For the first time ever, astronomers have managed to look nearly 10 billion years back in time to the earliest stages of star formation in X-ray light. They did it by taking advantage of a naturally-occurring magnifying glass located almost six billion light-years away from the Earth.
The research was carried out by an international collaboration including Julie Hlavacek-Larrondo, associate professor of physics and Canada Research Chair at the Université de Montréal, and was published in Nature Astronomy.
Natural magnifying glass for Universe’s earliest moments
How do astronomers peer back in time to the earliest epochs of the Universe? In this case, they made use of a technique known as gravitational lensing. Massive objects like galaxy clusters can bend the fabric of space-time, causing light from fainter, faraway objects in the background to become distorted on its way towards us.
This effect makes these background objects appear larger and brighter, and therefore easier to observe than they would have been otherwise.
What’s more, light takes time to travel towards us through space. This means that when we observe the light from very distant objects, we’re actually observing light that was emitted many years ago and spent many years travelling through outer space to reach our telescopes. In essence, we’re looking into the past.
In this study, the cosmic magnifying glass used to look back in time was an enormous galaxy cluster known as the Phoenix, which is estimated to be a quadrillion times more massive than the Sun. The team used the Phoenix cluster to magnify a distant, newborn galaxy about 1/10,000 the size of the Milky Way.
While this technique has previously been harnessed to study faraway astronomical phenomena in optical light, this was the first time it had been successfully used at X-ray wavelengths.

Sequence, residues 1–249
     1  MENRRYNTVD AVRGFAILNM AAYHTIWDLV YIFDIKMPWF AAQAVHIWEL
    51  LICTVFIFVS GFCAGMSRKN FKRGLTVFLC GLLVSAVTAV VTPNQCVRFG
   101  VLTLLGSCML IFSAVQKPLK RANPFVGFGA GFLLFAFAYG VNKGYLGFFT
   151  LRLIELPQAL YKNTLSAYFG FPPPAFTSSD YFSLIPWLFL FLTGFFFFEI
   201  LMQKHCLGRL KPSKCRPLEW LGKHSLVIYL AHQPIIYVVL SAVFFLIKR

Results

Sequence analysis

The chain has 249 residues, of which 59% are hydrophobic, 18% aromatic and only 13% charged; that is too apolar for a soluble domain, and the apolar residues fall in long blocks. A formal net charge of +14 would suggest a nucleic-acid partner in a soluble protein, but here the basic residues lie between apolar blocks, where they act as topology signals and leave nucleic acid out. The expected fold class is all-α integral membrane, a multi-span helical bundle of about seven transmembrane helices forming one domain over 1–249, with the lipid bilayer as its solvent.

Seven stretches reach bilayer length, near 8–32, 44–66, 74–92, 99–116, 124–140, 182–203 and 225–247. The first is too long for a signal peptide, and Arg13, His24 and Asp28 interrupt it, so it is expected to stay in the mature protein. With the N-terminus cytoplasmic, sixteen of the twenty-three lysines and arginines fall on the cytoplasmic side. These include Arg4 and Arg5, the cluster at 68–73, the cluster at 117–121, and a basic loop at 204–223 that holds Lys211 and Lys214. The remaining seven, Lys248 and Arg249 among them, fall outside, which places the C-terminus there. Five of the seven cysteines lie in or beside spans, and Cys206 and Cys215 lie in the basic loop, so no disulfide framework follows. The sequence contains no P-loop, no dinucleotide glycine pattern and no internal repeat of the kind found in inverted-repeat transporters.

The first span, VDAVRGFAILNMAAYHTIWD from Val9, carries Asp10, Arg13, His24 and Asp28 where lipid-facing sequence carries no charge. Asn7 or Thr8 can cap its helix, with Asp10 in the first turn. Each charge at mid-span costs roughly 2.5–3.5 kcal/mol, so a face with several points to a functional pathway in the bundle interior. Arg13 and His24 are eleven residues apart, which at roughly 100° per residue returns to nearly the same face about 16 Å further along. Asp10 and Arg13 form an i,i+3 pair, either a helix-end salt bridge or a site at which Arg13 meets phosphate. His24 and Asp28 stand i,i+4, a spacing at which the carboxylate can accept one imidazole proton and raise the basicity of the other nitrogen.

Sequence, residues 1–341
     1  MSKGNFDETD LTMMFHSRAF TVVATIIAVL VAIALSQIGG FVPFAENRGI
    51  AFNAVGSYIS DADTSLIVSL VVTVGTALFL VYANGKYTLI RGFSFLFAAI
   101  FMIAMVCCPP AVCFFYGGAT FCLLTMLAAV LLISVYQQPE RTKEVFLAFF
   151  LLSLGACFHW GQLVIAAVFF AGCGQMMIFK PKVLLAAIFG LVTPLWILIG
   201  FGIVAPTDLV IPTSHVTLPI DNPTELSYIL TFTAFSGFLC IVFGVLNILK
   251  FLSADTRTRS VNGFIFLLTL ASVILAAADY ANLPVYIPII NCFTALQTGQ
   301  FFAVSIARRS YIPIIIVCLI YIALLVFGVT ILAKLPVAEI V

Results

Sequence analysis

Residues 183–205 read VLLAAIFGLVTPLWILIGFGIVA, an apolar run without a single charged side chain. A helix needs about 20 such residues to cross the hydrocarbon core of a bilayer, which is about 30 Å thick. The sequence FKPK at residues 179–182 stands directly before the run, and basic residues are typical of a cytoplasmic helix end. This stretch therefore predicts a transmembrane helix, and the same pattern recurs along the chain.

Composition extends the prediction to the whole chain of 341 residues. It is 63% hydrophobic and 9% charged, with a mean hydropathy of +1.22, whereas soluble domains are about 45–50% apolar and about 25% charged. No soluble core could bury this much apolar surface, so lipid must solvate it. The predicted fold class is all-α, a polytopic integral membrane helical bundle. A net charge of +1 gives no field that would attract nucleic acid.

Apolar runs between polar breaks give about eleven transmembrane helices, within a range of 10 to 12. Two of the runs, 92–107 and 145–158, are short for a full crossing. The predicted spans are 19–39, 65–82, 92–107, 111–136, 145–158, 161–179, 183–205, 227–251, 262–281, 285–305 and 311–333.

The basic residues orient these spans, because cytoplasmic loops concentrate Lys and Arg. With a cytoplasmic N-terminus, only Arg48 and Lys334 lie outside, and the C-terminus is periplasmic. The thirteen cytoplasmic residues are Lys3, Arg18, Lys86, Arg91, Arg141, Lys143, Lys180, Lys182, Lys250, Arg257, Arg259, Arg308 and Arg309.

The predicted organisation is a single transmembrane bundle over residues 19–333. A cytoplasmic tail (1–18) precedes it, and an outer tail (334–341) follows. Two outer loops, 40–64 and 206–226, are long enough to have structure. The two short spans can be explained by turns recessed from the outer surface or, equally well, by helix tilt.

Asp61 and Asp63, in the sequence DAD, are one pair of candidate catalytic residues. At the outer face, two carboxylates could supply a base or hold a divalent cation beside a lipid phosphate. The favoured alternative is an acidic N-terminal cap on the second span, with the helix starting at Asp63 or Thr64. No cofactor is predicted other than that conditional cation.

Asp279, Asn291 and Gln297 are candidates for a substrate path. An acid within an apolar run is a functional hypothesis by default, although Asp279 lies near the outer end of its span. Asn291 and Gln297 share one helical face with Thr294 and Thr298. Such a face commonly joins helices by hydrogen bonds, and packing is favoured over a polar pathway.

X-ray light is unique because it can be used to trace powerful, high-energy phenomena, including the births of supermassive short-lived stars entirely unlike those in our own solar neighbourhood. Observations of star-forming galaxies with X-ray light can therefore help astronomers answer questions about how the most massive stars in the Universe form, and what effects they may have on their environments.
“[We saw] this little blue smudge, meaning it’s a very small galaxy that contains a lot of super-hot, very massive young stars that formed recently,” said Matthew Bayliss, a research scientist at MIT’s Kavli Institute for Astrophysics and Space Research and lead author of the study, in a press release.
“This galaxy is similar to the very first galaxies that formed in the universe… the kind of which no one has ever seen in X-ray in the distant universe before.”
A new method to cut the glare to peer back in time
The reason this technique had never been carried out in X-ray light before is that galaxy clusters themselves emit large amounts of X-rays. Astronomers had assumed that any background X-rays being magnified by the large galaxy clusters would be hidden in the glare from the galaxy clusters’ own X-ray emission.
To address this, the team created a model of what they expected the Phoenix cluster’s X-ray emission to look like, based on observations taken in optical and infrared light. They used this model to subtract the X-rays originating from the Phoenix cluster, leaving only the magnified X-rays from the background source.
Their results are proof that galaxy clusters can be used to magnify distant X-rays and help shed light on some of the earliest periods in the history of the Universe.
“We’re catching this galaxy at a very useful stage, where it’s got these really young stars,” Bayliss said. “Now we can go back in time, look in the distant universe, find galaxies in this early phase of their life, and start to study how star formation is different there.”